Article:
Finding Black People in Antiquity: Talking the Future of Classics with Sarah Derbew

“It feels insensitive or dishonest to not acknowledge the ways in which our work is a part of a greater narrative.”

When I first met Professor Sarah Derbew, we bonded over our mutual love of music. Coincidentally, we had both spent our mornings looping “Boogie Wonderland” to get in the right headspace for the day. The headspace in question: tranquility, friendly conversations, impromptu dance parties. It’s all in service of speaking truth to our communities and teaching folks like us that it is possible to think capaciously in all disciplines from our perspectives.

In speaking about her monograph, Untangling Blackness in Greek Antiquity (Cambridge University Press, 2022), Derbew eschews superlatives, focusing more on her experience as a writer and human being in the 21st century. In contrast, classics Twitter has—rightfully—hyped her book for months, calling it “the most important book of the year.”

Professor Derbew and I spoke over Zoom in February about her new book, being a writer, and, of course, dancing.

Stephanie Wong (SW): Untangling Blackness in Greek Antiquity gives all folks who have an interest in classics a chance to critically engage with constructions of race in antiquity and modernity alike. The book examines representations of black people in ancient Greek literature and art, while critiquing contemporary prejudicial thinking about Greek antiquity.

I read your manuscript, and I thought, Holy shit. Maybe I would have stayed a classicist if I had read this book five years ago.


Sarah Derbew (SD): That’s high praise. Thank you.


SW: I see your intellectual mission as a call also to the British Museum, which is an institution that features heavily in one of these chapters, to fully confront its history as a tool of imperialism. Will you tell me about museums and how they relate to your book’s broader project?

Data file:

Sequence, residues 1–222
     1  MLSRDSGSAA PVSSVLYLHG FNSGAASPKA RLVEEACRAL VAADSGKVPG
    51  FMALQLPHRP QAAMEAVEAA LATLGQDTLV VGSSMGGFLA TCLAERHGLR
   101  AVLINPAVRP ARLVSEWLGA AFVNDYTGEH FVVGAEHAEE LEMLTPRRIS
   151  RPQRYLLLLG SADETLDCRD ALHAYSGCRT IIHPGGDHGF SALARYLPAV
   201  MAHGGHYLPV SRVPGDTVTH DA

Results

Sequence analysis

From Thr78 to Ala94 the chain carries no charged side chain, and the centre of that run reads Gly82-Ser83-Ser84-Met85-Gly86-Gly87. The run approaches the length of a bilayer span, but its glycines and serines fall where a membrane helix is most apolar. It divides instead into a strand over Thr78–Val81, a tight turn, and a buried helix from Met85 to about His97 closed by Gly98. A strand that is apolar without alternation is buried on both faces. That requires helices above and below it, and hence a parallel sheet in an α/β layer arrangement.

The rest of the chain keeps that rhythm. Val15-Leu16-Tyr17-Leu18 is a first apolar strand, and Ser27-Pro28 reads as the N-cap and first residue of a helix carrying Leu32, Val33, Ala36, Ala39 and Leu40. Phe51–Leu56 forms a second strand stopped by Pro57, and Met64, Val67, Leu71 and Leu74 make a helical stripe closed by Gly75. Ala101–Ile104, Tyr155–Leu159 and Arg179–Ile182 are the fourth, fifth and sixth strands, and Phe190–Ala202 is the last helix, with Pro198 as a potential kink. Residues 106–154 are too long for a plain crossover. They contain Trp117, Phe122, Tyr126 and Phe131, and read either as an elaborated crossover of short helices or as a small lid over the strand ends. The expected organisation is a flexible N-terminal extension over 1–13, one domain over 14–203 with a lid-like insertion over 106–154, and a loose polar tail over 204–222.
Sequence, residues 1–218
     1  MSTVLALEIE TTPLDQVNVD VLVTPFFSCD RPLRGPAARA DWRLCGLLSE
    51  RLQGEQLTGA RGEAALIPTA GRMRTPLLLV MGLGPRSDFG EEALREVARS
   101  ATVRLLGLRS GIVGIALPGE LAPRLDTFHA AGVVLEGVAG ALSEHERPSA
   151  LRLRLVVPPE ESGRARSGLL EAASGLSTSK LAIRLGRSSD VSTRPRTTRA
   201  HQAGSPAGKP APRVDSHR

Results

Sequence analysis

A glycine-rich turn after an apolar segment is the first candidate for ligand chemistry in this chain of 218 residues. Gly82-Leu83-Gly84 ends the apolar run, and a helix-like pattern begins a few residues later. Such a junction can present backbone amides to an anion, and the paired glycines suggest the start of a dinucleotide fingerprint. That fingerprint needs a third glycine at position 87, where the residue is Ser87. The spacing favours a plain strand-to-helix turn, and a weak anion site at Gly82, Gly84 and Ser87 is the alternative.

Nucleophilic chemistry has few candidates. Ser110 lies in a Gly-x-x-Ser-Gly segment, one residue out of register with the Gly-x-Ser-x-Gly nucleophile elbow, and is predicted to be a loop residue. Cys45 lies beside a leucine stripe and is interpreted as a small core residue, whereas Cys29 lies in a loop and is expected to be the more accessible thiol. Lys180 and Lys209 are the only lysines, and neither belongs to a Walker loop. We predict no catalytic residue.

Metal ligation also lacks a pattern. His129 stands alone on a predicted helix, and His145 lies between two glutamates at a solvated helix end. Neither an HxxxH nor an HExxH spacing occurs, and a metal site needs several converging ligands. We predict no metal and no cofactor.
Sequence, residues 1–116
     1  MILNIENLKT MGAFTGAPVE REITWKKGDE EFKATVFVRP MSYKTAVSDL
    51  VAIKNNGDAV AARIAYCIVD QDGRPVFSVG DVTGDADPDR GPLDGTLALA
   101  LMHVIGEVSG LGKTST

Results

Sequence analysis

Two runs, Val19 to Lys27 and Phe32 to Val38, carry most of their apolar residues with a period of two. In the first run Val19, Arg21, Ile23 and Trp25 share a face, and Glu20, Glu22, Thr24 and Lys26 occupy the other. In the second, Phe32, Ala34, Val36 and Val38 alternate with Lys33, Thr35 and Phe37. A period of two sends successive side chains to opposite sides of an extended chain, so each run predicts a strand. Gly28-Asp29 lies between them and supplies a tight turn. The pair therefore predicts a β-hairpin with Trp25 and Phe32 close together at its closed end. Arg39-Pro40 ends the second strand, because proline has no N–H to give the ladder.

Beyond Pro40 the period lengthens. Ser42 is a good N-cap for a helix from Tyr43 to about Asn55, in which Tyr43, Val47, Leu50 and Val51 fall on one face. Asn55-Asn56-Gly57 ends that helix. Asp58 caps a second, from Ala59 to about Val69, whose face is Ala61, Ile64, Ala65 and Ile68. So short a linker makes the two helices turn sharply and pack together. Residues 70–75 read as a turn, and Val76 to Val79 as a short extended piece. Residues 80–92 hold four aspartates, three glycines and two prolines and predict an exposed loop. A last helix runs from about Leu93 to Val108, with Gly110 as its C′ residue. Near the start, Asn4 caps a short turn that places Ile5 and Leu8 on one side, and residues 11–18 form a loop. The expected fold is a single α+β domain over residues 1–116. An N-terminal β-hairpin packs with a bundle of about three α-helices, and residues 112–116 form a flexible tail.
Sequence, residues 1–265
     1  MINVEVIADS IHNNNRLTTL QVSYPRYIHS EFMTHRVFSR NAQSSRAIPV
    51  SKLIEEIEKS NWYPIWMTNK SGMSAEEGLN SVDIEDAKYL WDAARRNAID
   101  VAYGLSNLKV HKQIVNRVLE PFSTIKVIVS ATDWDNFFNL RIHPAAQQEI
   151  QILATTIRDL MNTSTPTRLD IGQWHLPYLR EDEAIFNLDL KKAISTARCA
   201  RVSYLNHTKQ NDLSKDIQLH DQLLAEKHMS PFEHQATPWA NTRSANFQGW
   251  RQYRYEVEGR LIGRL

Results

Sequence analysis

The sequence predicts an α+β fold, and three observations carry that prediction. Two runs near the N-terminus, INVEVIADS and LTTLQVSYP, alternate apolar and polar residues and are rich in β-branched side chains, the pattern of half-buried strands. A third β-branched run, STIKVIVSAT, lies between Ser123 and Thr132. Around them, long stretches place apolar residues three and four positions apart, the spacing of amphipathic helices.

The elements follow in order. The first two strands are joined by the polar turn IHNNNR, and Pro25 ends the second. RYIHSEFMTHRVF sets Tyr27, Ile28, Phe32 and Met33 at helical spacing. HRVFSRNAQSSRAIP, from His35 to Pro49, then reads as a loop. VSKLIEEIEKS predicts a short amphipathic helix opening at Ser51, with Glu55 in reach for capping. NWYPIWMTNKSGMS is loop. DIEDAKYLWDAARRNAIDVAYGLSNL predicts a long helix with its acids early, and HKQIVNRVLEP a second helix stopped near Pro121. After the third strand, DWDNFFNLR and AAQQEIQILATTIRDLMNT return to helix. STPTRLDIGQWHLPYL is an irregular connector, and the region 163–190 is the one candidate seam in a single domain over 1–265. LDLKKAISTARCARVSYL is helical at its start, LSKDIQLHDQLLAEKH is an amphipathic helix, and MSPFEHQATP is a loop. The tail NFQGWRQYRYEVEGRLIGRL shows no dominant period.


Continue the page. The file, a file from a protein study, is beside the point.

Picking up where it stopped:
SD: When I was an undergraduate studying abroad at the Intercollegiate Center for Classical Studies in Rome, I started paying attention to where objects were and how they were displayed in museums. I remember one trip to a museum in southern Italy… it might have been Caserta. I spent the whole day looking for Black people.

I ended up finding one squire in a corner, who was a part of a mural, and he wasn’t even the central figure. And I thought, This is so depressing. I’m in a country where they don’t really talk about race. I’m in a program where I made great friends but it is not lost on me that I’m the only Black person. I’m in a museum where there are no representations that speak to me.

That day in Italy made me start paying more and more attention to the ways in which blackness was displayed in museums. During later museum trips, I began muttering questions to myself, such as, Why is the Egyptian wing so far away from the African wing? Why is “classical” used to describe some cultures and “primitive” others? So that was perhaps the kernel of the beginnings of me thinking about museums as places that need to be scrutinized.

Still, it wasn’t until I conducted research in London as a graduate student that I really started seeing this topic as a viable subject of research. When I sent my museum chapter to my advisor, she said, This chapter is exciting. She suggested that I build further on my interest in museums and free myself from feeling like I need to only study the actual corpus of Greek and Latin texts. She encouraged me to think about the museum as a site that can also be read.